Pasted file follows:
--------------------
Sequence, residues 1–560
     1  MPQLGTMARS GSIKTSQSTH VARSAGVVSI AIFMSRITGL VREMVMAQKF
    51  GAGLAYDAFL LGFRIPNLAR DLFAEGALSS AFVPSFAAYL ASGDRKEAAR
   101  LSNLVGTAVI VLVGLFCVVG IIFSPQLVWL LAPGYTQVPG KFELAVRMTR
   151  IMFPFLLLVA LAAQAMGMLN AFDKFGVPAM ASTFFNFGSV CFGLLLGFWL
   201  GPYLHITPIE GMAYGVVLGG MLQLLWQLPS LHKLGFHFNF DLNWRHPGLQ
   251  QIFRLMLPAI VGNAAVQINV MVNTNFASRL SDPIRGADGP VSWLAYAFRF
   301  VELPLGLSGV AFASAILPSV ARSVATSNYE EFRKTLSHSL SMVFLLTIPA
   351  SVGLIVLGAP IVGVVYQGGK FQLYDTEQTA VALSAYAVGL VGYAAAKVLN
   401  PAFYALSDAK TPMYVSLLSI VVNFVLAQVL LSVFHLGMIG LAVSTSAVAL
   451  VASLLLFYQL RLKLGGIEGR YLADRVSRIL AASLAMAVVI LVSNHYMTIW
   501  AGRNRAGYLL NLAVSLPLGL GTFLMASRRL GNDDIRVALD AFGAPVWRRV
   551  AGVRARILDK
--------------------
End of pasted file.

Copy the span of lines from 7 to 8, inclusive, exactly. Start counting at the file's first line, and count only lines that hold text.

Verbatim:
   251  QIFRLMLPAI VGNAAVQINV MVNTNFASRL SDPIRGADGP VSWLAYAFRF
   301  VELPLGLSGV AFASAILPSV ARSVATSNYE EFRKTLSHSL SMVFLLTIPA